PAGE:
The Houston Rockets' young core of Jeremy Lin, Chandler Parsons and James Harden have a lot to be proud of this season.
Houston's talented trio have propelled the Rockets to a seventh seed in the West in just their first season as a unit, and all three are a big reason why the Rockets as a team lead the NBA in scoring with over 106 points per game.
That being said, the Rockets shouldn't get too high on themselves, especially with the impending gauntlet of the NBA postseason awaiting them.
Wait a minute. Leading the league in scoring, a talented core of guys all under 25, an impending playoff berth—what exactly should the Rockets be worried about?
Well, in basketball, you play on both sides of the court, and with the playoffs right around the corner, the Rockets must address the glaring issue of defense if they're to have a remote chance of beating the likes of a San Antonio or Oklahoma City in a seven-game series.
The Rockets are the second-worst team in the NBA as far as opponents' points per game with over 102 per game. Opponents are shooting over 50 percent per game against them (going by effective field goal percentage), and the Rockets only get about four blocks per game—the third-worst mark in the league.
They simply allow opposing teams to score too much, and they just aren't intimidating other squads by manhandling them or swatting away shots—all important ways teams can impose their will or set the tone defensively.
Despite a current three-game win streak that includes a win over San Antonio, the Rockets recently had a very rough game against the Warriors that exposed a lot of their defensive flaws.
In that game, the Warriors shot 50 percent behind the arc with over 13 made triples, and the Warriors' backcourt of Stephen Curry and Klay Thompson torched Houston for a combined 45 points.
The Warriors got way too many transition opportunities. Lin simply couldn't handle Curry, and Thompson similarly frustrated Harden.
While the Rockets have played well as of late, that game should be a point of concern since they were eviscerated so badly. Despite their defensive woes, the Rockets have done pretty well considering they score the ball which such intensity and speed.
The Rockets offense is triggered either by drive and kick situations, turnovers leading to fast breaks or James Harden doing what he does best, but their high-powered attack will only get them so far.
Against the three top-seeded Western Conference teams this season, the Rockets are 2-7 with a single win against the Thunder and Spurs, respectively, and neither win was convincing.
A three-point win over OKC and a go-ahead basket by Harden against the Spurs won't conceal the fact that the Rockets have struggled mightily at times to stop other teams from scoring.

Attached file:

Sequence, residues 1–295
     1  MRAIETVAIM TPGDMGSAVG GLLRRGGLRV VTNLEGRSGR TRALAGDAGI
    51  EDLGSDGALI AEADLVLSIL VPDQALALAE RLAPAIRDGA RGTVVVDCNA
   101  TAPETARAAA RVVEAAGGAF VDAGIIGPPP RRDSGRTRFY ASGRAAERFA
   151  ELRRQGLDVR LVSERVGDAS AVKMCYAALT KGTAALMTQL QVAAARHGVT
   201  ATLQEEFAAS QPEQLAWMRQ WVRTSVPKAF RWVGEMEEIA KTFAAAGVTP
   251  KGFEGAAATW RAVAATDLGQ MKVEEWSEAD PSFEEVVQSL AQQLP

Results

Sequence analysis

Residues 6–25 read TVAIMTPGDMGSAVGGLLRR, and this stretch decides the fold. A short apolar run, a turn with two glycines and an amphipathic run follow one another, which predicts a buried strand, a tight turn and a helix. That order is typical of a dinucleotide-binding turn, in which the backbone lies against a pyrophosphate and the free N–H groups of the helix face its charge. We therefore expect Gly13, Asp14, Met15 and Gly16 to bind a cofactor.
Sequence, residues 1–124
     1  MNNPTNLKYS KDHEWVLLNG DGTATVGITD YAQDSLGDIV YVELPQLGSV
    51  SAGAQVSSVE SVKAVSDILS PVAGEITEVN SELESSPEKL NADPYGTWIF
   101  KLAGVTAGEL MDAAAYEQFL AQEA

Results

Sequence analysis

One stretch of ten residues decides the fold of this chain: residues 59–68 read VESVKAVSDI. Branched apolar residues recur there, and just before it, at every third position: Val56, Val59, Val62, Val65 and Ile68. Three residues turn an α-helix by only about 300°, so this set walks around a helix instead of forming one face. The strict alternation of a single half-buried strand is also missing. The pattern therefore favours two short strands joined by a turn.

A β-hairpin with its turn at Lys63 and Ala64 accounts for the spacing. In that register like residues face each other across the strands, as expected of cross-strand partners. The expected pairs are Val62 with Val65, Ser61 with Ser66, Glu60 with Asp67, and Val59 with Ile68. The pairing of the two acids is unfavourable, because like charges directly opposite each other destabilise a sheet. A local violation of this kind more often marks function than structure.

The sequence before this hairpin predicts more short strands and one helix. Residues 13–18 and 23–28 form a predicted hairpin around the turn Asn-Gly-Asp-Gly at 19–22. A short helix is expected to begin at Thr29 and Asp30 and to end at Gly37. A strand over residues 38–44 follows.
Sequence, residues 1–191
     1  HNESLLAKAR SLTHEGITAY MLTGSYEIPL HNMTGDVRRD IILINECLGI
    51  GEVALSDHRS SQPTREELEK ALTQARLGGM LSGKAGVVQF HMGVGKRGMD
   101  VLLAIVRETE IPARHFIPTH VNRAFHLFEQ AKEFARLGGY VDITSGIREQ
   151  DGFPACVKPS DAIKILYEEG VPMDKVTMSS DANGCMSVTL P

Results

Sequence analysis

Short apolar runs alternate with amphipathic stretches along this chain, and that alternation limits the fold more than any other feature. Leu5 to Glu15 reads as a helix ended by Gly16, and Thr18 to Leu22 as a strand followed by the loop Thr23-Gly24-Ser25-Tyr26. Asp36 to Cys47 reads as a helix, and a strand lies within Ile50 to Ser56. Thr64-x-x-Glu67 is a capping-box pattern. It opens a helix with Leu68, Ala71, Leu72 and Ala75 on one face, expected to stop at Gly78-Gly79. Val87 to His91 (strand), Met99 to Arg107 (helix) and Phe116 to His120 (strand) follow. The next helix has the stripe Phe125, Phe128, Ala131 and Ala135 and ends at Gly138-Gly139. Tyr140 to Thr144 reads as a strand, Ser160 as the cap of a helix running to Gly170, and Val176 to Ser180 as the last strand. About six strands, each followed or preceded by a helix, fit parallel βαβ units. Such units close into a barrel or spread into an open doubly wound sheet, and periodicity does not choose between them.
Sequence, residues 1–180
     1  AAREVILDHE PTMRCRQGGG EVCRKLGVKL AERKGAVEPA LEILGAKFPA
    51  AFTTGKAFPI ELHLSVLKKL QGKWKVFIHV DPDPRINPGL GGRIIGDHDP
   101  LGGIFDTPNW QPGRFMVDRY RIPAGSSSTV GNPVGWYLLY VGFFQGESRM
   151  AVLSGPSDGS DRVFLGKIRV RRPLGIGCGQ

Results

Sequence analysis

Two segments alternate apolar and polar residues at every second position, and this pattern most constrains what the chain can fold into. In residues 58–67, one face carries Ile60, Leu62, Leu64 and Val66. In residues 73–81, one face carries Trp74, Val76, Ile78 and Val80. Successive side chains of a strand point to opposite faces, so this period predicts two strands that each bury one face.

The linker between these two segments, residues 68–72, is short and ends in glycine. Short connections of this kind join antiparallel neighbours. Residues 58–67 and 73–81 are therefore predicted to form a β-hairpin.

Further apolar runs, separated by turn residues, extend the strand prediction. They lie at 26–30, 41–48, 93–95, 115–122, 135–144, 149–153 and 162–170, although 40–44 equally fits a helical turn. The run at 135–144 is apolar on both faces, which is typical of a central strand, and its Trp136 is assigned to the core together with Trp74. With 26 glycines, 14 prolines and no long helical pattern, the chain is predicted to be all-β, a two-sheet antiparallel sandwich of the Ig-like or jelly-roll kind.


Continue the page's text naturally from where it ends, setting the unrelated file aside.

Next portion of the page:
Frankly, the Rockets don't have the collective personnel to be an elite defensive team. Lin is cerebral but lacks the physicality and lateral quickness to stop guards like Russell Westbrook or Tony Parker. Omer Asik is a tough, physical rebounder, but he alone cannot plug all of the holes in Houston's lackluster perimeter defense when he rotates on missed assignments or helps when someone is beat.
Harden isn't terrible, but he is prone to silly fouls, and he seems to ball watch a bit too much rather than focusing on his man—a cardinal sin on defense.
Despite Lin and Harden being unimpressive defenders, Chandler Parsons is a legitimately good defensive pest, and his efforts in the past have even earned praise from some of the league's best.
For the Rockets to really lift off in the upcoming playoffs, they need to stress a collective effort on the defensive side of the ball. Despite the importance of individual matchups, basketball is as much a team game on defense as it is on offense.
The Rockets need to sharpen their rotations and get back on defense if they are to have a chance at stopping the Spurs or Thunder—two teams that can push the pace and destroy teams who neglect to run back after shots.
Houston is an even 17-17 against teams .500 and above, which is more evidence that they have gotten away with beating a lot of subpar teams. But in the playoffs, there are no bad teams.
If Houston intends to prove it belongs in the championship contender conversation, it needs to make a statement by showing commitment to defense in the upcoming playoffs.
If the Rockets can take one small step in improving how they defend, it would certainly make for one giant leap towards a championship.